Sponsored by the U.S. Department of Energy Human Genome Program
Human Genome News Archive Edition
Human Genome News, July 1990; 2(2)
Working Group Promotes Redirection of Efforts to Mapping
At its December 1989 meeting, the Joint DOE-NIH Subcommittee on the Human Genome established the Joint Mapping Working Group to consider issues related to the project goals of genetic linkage mapping and physical mapping.
The working group's first meeting was held in March in Salt Lake City to discuss the rate of progress in human genetic linkage mapping, an area discussed at the December meetings of the NIH Program Advisory Committee on the Human Genome (PACHG) and the Joint DOE-NIH Subcommittee.
Working group members David Botstein, David R. Cox, and Maynard Olson, along with a panel of invited consultants, met to review the status of genetic mapping. They concluded that laboratory managers would agree to a formal contract redirecting a portion of their effort to mapping. Responsibility for mapping specific chromosomes is being undertaken.
In addition, the group plans to coordinate the identification of index markers on specific chromosomes. The near-term goal is to establish 300 markers located an average distance of 10 cM apart; increased focus will be on regions currently without markers. Further discussions on the status of each chromosome map will be held later this year.
The six-member Joint Mapping Working Group met the next day at Los Alamos National Laboratory (LANL), where discussions focused on developing an operational definition of sequence tagged sites (STS), on using STS as a mapping tool, and on making STS a common language among laboratories. The group agreed that sequencing a small segment of each marker will help to link the genetic map and the physical map. They noted that characterization of an STS must include proof of single copiness; the polymerase chain reaction (PCR) product of STS must be a single band in Southern hybridizations.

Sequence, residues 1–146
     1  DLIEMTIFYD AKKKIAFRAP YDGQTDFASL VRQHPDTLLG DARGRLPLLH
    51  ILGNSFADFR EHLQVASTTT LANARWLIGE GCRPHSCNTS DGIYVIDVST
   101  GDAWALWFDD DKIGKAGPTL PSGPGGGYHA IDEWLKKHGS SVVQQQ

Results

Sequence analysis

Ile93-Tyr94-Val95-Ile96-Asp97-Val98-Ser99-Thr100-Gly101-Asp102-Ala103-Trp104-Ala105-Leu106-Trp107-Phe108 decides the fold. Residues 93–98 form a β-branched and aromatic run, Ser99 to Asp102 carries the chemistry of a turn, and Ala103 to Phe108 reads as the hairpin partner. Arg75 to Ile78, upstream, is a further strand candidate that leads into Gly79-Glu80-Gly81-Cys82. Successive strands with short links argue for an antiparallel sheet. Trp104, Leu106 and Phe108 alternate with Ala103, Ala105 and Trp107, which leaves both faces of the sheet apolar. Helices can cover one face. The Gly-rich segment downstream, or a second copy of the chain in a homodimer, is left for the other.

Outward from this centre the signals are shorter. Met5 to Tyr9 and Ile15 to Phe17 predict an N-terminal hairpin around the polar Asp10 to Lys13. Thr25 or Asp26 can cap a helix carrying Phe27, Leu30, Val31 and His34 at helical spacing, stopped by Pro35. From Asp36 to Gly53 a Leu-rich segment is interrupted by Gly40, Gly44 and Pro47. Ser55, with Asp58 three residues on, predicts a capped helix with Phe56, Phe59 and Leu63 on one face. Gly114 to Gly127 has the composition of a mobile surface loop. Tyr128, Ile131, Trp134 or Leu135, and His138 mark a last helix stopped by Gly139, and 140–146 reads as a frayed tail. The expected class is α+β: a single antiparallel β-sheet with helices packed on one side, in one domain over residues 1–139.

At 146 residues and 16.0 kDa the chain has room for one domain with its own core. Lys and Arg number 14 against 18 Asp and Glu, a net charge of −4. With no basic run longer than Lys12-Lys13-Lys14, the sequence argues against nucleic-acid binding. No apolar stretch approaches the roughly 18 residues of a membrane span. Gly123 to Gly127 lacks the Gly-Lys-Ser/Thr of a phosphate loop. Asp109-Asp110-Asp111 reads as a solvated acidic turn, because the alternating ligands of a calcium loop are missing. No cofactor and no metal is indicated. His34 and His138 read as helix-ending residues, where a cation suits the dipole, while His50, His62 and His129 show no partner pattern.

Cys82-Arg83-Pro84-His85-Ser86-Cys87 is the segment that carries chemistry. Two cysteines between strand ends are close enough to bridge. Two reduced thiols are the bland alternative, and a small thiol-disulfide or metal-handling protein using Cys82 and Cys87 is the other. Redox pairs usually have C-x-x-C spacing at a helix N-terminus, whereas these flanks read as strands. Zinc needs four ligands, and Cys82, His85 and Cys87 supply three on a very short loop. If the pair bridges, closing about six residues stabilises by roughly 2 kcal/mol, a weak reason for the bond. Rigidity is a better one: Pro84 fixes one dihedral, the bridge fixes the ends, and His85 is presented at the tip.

In addition, the group considered certain informatics needs: characteristics of the laboratory notebook database for the next 10 years and procedures for handling notebook material. Reports and recommendations of both working group meetings were to be presented to the NIH PACHG and the Joint DOE-NIH Subcommittee at their meetings in June. Recommendations by these committees will be discussed in the next issue of Human Genome News.
Reported by Mark Guyer
Assistant Director for Program Coordination
The electronic form of the newsletter may be cited in the
Human Genome Program, U.S. Department of Energy, Human Genome News (v2n2).
The Human Genome Project (HGP) was an international 13-year effort, 1990 to 2003. Primary goals were to discover the complete set of human genes and make them accessible for further biological study, and determine the complete sequence of DNA bases in the human genome. See Timeline for more HGP history.
Published from 1989 until 2002, this newsletter facilitated HGP communication, helped prevent duplication of research effort, and informed persons interested in genome research.